Rooftop tours for St Giles’ Cathedral

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Sightseers are being invited to enjoy the Edinburgh skyline from a never-before-seen perspective – the rooftop of the city’s most historic church.

Bosses at St Giles’ Cathedral have launched tours from the rafters of the Royal Mile landmark for the first time in its history.

Four-strong groups will now be able to climb the 91 steps to the rooftop for unique panoramic views of the Old Town, a tour of the clock tower and a first-hand look at the famous crown spire.

It is hoped the tours – lasting around 20 minutes and costing £5 per person – will help pay maintenance costs and avoid having to charge visitors entry to the building, which is mostly funded through donations.

A gantry has been created on top of St Giles’ which service manager Veronika Kallus said had been “quite a challenge from a health and safety point of view”.

“The walkway gets a perfect view of the unique spot where you can see the whole of the Royal Mile,” she said.

“It’s not that high but the view there gives people the chance to see the city from a completely different angle. Visitors have so far said it’s a completely different experience.”

Ms Kallus said more than 140,000 tourists visit the cathedral in August alone but greater emphasis had been placed on opening it up to Edinburgh residents.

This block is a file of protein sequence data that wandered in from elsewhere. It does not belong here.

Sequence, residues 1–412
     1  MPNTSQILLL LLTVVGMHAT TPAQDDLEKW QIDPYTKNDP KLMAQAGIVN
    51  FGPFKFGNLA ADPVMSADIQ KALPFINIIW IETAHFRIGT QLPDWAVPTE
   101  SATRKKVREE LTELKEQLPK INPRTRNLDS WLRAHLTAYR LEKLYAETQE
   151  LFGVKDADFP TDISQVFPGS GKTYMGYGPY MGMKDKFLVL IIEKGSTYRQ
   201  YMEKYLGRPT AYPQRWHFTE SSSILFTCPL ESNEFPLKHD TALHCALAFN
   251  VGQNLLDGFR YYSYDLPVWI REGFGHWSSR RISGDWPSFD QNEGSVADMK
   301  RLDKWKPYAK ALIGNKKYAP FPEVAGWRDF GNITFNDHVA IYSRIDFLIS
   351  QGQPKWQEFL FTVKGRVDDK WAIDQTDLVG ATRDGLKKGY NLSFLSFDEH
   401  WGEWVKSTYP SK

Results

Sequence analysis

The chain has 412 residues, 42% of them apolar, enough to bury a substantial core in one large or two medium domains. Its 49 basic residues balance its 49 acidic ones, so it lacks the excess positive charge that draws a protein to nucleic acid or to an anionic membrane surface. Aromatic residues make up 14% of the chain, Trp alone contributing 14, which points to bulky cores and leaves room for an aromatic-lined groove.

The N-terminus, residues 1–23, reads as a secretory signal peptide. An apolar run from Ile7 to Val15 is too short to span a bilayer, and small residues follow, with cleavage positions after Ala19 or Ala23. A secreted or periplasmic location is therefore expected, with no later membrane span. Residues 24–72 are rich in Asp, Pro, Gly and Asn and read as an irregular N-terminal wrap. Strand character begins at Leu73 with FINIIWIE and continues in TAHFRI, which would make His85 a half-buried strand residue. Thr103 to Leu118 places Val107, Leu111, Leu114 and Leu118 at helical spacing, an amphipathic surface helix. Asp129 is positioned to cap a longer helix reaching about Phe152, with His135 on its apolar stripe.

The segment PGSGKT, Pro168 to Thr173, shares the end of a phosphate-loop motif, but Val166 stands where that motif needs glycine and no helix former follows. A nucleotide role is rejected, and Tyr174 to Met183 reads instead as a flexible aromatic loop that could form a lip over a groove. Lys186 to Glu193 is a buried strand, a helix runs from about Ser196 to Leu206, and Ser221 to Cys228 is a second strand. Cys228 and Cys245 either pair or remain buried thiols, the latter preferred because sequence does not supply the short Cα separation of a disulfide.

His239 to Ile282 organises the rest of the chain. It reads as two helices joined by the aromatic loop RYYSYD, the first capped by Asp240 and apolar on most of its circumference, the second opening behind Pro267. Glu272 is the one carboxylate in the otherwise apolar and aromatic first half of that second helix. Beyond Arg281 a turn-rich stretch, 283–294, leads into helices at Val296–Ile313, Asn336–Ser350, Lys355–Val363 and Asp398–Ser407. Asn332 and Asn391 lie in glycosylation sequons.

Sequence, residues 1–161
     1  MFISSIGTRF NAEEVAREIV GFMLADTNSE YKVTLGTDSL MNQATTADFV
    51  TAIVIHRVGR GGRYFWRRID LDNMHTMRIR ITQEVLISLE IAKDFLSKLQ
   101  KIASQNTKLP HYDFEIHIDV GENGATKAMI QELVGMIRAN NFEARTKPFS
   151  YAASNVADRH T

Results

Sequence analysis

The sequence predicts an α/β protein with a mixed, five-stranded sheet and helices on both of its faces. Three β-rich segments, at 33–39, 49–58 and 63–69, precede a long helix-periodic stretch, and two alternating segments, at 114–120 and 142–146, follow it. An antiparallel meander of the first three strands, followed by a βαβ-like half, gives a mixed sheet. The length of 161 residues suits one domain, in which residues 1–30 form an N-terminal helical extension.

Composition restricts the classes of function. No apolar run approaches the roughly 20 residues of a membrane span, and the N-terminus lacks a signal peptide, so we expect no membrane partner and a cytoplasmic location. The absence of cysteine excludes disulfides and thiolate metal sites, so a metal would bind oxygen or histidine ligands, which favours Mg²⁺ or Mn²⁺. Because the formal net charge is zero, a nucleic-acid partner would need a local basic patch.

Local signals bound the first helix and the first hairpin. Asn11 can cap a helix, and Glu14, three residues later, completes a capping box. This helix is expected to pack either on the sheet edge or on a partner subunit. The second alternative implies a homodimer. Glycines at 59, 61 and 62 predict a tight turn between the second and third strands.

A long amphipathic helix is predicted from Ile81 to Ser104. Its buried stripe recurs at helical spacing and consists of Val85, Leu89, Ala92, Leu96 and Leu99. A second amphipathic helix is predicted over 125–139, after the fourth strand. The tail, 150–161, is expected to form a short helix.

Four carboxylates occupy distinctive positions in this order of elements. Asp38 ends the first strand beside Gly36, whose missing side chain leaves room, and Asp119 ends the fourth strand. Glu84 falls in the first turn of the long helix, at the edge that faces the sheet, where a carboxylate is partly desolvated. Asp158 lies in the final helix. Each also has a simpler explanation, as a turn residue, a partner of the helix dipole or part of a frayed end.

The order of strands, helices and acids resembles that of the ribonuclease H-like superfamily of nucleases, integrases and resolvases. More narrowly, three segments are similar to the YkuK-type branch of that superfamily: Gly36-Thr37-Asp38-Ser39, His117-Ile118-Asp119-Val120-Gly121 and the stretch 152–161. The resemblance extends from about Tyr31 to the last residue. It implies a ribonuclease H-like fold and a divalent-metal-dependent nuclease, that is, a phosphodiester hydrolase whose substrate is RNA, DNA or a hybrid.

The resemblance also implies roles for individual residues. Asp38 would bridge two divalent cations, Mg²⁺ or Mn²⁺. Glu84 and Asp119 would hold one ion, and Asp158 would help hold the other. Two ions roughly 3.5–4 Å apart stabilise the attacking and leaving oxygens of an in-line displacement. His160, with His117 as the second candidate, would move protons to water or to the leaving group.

Around 20 rooftop tours have already been held with a guide providing a rich insight into a building that is thought to date back to the late 14th century.

Tour guide Stephen Prescot, 22, a history graduate at Edinburgh University, said: “Four people works really well because it makes it a really tailored tour.”

He added that the rooftop adventure showed how the church had been constructed and then restored – much of which remains unseen from ground level.

“I think it’s really good that we’ve opened it up and we can teach the people the history of Edinburgh,” he said.

David Hicks, of Edinburgh World Heritage, praised the venture which he said was “extraordinarily worthwhile”.

“I think it’s a great additional offer for the city,” he said.

“Edinburgh is extraordinarily photographic, with hills and valleys, which means that panoramic vistas pop up all over the place, but allowing people up into the external part of the cathedral means it will be one of the few places where you will be able to look up and down the Royal Mile.

“The good thing about this is that it’s seeing the value in the assets they have.”

The tours, which are currently available between 10am and 6pm, Monday to Friday, are currently being booked at the cathedral in person and can be booked for up to one week in advance.


ST Giles’ history spans more than 1000 years, with the first record of

a parish church on the site dating to 854, before King David I started to build a stone Roman Catholic church in 1120.

By 1800, St Giles’ was in a poor state of repair, so in 1829 architect William Burn drew up new plans for the building.

Some chapels were demolished before a major overhaul took place between 1872 and 1883.

Edinburgh lord provost William Chambers paid for the building to be cleaned and the old galleries and partition walls were removed, creating a single interior space.

It was also during the work that new stained glass was put into the windows.